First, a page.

Hubert Seelow (ed.) 2017, ‘Hálfs saga ok Hálfsrekka 1 (Alrekr konungr, Lausavísa 1)’ in Margaret Clunies Ross (ed.), Poetry in fornaldarsögur. Skaldic Poetry of the Scandinavian Middle Ages 8. Turnhout: Brepols, p. 305.
The first, very brief section of Hálf describes the conflict between two petty kings in Norway named Alrekr and Ǫgvaldr. The stanza below, spoken by Alrekr, refers to the circumstances of his son Víkarr’s conception and his father’s premonition of Víkarr’s ultimate fate as a sacrifice to Óðinn.
Geirhildr, getta, gott er öl þetta,
ef því annmarkar öngvir fylgja.
Ek sé hanga á háum gálga
son þinn, kona, seldan Óðni.
Geirhildr, getta, þetta öl er gott, ef öngvir annmarkar fylgja því. Ek sé son þinn, kona, hanga á háum gálga, seldan Óðni.
‘Geirhildr, girl, this ale is good, if there are no faults connected with it. I see your son, woman, hanging on the high gallows, handed over to Óðinn. ’
King Alrekr’s two wives, Signý and Geirhildr, are on such bad terms that he feels he has to get rid of one of them. He arranges a beer-brewing contest, declaring that he will keep the one whose beer turns out the better. The stanza is introduced by the words: Þær kepptuzt um ölgerðina. Signý hét á Freyju, en Geirhildr á Hött. Hann lagði fyrir dregg hráka sinn ok kvezt vilja fyrir tilkomu sína þat, er milli var kersins ok hennar, en þat reyndizt gott öl. Þá kvað Alrekr … ‘They [the two women] competed in ale-brewing. Signý invoked Freyja and Geirhildr [invoked] Hǫttr [Óðinn]. He used his spittle as yeast and said that for his intervening he wanted what was between the [brewing] vessel and her, and the ale proved to be good. Then Alrekr said …’. The stanza is followed by the words: Á þeim misserum var fæddr Víkarr, son Alreks ok Geirhildar ‘During that year Víkarr, the son of Alrekr and Geirhildr, was born’.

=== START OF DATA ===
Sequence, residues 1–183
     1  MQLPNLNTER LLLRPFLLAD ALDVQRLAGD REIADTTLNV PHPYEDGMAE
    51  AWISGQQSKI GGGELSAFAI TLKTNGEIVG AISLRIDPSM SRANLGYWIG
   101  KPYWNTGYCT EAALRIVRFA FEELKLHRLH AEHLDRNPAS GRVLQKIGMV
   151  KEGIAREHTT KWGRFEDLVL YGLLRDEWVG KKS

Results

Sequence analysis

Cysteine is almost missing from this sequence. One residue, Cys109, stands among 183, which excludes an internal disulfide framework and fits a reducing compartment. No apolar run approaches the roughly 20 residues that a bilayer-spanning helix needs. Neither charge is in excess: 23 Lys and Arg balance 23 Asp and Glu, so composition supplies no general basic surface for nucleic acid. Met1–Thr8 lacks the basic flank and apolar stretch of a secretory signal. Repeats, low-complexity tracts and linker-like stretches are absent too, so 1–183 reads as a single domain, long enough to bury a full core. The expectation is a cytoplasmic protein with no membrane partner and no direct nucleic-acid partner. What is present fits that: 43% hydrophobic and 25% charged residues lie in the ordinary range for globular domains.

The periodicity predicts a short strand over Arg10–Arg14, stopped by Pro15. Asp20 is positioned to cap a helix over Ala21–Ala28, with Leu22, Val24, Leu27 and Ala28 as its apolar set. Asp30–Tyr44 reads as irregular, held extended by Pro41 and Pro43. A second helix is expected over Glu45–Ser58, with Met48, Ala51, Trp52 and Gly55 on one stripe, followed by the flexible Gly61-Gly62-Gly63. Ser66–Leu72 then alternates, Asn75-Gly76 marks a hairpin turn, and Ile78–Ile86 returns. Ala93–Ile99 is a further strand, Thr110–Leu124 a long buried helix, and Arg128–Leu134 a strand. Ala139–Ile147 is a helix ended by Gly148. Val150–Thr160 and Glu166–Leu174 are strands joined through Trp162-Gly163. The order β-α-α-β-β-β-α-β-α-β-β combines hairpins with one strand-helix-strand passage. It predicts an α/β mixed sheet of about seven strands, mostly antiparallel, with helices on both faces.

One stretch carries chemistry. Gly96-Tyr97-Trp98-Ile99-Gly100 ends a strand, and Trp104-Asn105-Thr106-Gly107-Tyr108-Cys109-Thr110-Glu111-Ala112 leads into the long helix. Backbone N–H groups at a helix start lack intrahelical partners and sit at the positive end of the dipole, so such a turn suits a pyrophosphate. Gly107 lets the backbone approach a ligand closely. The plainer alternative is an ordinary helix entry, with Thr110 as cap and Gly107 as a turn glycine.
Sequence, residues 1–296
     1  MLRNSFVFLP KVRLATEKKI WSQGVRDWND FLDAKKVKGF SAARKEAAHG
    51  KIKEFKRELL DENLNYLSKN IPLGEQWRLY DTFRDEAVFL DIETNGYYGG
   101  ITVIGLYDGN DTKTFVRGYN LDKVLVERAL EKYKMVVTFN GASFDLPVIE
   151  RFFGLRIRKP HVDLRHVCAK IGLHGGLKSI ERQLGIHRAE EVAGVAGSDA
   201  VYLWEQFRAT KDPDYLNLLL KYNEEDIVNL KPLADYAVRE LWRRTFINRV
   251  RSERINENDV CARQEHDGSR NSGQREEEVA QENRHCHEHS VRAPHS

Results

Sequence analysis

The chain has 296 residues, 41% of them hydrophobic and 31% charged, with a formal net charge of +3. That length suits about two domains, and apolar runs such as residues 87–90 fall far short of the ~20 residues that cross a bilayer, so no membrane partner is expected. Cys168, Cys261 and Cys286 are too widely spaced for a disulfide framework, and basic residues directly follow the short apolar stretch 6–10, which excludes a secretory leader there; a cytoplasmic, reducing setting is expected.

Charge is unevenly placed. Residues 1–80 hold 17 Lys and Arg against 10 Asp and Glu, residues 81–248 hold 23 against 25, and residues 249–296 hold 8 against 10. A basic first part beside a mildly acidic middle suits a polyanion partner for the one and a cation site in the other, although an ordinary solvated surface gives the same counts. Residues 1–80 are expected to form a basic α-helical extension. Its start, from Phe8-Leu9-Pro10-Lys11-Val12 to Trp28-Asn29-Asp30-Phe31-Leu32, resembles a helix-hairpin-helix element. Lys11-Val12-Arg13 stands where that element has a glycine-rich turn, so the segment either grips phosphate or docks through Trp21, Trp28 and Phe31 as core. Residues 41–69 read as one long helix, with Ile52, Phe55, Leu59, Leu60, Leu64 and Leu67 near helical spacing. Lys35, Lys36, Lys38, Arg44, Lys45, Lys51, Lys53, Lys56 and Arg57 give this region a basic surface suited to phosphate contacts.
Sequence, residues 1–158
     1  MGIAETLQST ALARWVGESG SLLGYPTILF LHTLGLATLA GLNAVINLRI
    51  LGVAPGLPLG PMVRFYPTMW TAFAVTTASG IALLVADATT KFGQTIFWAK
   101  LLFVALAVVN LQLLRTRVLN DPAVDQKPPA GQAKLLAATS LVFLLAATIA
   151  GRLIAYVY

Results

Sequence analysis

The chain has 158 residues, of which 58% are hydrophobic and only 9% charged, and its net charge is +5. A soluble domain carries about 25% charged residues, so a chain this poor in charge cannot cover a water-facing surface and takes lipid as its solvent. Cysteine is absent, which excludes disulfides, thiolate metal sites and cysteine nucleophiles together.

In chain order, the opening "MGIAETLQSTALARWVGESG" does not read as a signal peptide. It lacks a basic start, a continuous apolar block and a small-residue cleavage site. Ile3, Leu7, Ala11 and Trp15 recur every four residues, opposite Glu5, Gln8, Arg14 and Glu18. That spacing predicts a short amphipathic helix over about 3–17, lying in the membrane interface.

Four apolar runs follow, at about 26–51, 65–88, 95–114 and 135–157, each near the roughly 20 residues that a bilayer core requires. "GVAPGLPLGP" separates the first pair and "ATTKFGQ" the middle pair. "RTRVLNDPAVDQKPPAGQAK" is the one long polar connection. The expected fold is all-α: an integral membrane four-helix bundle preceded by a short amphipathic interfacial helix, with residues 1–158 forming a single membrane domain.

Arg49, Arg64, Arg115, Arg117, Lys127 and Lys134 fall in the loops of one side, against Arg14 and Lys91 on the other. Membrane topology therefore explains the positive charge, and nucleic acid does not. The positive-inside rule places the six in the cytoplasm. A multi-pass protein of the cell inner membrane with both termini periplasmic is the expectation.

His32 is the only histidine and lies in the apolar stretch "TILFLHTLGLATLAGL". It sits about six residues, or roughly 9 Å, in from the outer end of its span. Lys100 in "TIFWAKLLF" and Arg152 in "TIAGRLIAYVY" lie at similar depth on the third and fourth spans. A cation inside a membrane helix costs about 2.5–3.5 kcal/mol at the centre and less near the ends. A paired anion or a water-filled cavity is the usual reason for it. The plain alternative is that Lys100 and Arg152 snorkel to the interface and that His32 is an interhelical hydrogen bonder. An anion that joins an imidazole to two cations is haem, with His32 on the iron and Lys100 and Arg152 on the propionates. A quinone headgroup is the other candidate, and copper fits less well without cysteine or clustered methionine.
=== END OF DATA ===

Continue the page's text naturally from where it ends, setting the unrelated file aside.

The prose text makes it clear, before the introduction of this stanza, that Hǫttr ‘Hood’ (another name for Óðinn) had made a bargain with Geirhildr that he would help her to marry Alrekr but in return she had to promise to call upon him in all things. His role in brewing good ale by spitting into the brew is reminiscent of the myth of the gods’ creation of the wise being Kvasir, precursor to the mead of poetry, out of their spittle (SnE 1998, I, 3; cf. Boberg 1966, 193 (M 201.3) and 36 (A 1211.3.1); Lassen 2011, 166-7). — It is not evident from the prose text that King Alrekr is aware of Geirhildr’s pact with Óðinn, yet the stanza strongly implies his awareness both of the god’s involvement and the ultimate fate of his son, Víkarr, who is elsewhere (notably in the longer version of Gautreks saga) a king of Agder (Agðir), sacrificed to Óðinn by his foster-brother Starkaðr, who hangs him from a tree and pierces him with a reed-stalk that turns into a spear (cf. StarkSt Vík 26 (Gautr 34) and Note to [All]). Both the composer of Hálf and his audience must have known the story of Víkarr’s death, although it is not directly mentioned in either prose or poetry, and his parentage and circumstances are different here from what is given in Gautr.
Text is based on reconstruction from the base text and variant apparatus and may contain alternative spellings and other normalisations not visible in the manuscript text. Transcriptions may not have been checked and should not be cited.
Geirhildr getta gott er aul þetta ef þui an ǀ markar aunguer fylgia eg se hanga ꜳ hafum galga son þiɴ kona ǀ selldan odní
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